Churchill. Film Review.

Liverpool Sound and Vision Rating 8.5/10

Cast: Brian Cox, Miranda Richardson, John Slattery, Ella Purnell, Julian Wadham, Richard Durden, James Purefoy, Danny Webb, Jonathan Aris, George Anton, Steven Cree, Angela Costello, Peter Ormond, Kevin Findlay.

There is no denying the complexity of the man, a hero to millions, a divisive, almost jarring figure for just as many, yet for Winston Churchill, despite the many wrongs, and there were many in number, it should be recognized that without his leadership, his continuing urging-on of the British people during the dark days of World War Two, the state of the country’s history could have been much different. The war was not won by the British, at least not alone, the country gave the world time, America gave its money and Russia gave its men in millions, yet arguably only one man could give the Allies its voice against the tyranny and hatred that ran through the heart of the German war-machine and the Nazi spewing of bile that Adolf Hitler spoke with bombastic deceit and revulsion.

There is always many sides to history, the unwritten and much praised, for some the admiration of Churchill is not enough, rightly or wrongly the man has conquered the mindset of history with his demeanor and his forthright attitude to the war that sank Europe and the wider world into a torrent of self-loathing hatred for humanity. It was bloody mindedness perhaps but it was steeped in a sense of leading from the front, something that many political leaders since have forgotten as they send men and women off to a war they did not ask for.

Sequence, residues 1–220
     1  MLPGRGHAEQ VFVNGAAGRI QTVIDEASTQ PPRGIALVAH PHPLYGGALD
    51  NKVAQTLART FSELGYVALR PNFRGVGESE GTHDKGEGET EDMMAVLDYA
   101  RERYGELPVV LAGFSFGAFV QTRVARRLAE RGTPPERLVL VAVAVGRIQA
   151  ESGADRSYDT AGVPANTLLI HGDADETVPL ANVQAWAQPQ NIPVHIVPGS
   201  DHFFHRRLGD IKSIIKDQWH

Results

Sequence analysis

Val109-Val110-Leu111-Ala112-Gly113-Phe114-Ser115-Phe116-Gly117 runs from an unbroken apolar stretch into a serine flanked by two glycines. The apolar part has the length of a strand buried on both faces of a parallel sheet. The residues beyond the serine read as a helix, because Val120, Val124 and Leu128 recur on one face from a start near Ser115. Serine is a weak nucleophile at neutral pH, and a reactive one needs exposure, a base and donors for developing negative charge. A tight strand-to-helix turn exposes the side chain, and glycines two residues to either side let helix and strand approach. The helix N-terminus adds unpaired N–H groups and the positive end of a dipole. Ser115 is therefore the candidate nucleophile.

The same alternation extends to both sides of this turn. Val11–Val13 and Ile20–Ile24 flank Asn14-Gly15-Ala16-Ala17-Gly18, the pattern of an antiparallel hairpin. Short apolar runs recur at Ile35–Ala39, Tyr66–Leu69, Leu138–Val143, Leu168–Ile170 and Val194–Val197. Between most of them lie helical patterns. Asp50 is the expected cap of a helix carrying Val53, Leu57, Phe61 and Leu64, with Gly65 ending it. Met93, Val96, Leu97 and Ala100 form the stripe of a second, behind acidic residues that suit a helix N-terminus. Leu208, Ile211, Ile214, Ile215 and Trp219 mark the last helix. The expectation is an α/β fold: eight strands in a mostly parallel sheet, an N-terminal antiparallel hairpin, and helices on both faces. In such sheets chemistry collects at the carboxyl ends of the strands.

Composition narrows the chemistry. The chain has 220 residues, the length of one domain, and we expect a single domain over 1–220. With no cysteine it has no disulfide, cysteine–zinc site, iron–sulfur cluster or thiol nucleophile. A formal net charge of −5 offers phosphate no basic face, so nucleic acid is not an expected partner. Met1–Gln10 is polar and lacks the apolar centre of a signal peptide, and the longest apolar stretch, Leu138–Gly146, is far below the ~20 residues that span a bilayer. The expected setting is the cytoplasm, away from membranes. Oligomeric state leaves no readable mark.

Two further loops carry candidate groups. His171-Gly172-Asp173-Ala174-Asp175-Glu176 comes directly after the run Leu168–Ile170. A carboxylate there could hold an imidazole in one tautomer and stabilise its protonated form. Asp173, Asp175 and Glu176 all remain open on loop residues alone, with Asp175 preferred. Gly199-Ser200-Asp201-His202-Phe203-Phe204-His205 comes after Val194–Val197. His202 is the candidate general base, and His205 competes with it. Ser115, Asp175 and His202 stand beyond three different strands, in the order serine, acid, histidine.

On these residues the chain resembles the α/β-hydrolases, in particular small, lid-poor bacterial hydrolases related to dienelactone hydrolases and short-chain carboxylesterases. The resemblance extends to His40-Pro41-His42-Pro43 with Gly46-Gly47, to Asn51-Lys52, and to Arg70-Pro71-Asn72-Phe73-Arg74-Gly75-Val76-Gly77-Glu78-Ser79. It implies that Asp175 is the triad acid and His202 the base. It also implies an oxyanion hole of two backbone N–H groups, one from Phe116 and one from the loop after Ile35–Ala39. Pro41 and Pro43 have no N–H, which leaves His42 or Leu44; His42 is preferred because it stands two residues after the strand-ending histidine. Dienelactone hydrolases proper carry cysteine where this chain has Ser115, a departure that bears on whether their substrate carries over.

Winston Churchill still remains an enigma, a huge towering personality in which to fill the boots and the habit of smoking cigars of, his black dog, his awful strangulating, almost paralyzing bouts of depression which the film captures succinctly and with an almost devastating effect, these are the moments in which the story excels, his fear that the allied army will be slaughtered on the beaches of France was one that Brian Cox played out with almost true Shakespearean panache, a sense of timing worthy of the greatest lines from King Lear or Macbeth, a study in character of a man on the threshold of history.

If Brian Cox is absolute in this film then it falls to the rest of the cast to hold up the example and for Miranda Richardson this test is met with grace and honour as she gets to grips with being the only person, aside from the King, to whom Churchill will listen to in matters of life and death.

With both Danny Webb and Julian Wadham performing with delicate anger and brutal conscious throughout the film, Churchill is that most tantalising of prospects, a biopic of a human being at their most vulnerable, the moment where they seem at their most helpless but to whom even Shakespeare could not bring them to their most giant of times, that is for the person themselves to seize. A tremendous film, one of excellent interaction with the camera and with history!


Ian D. Hall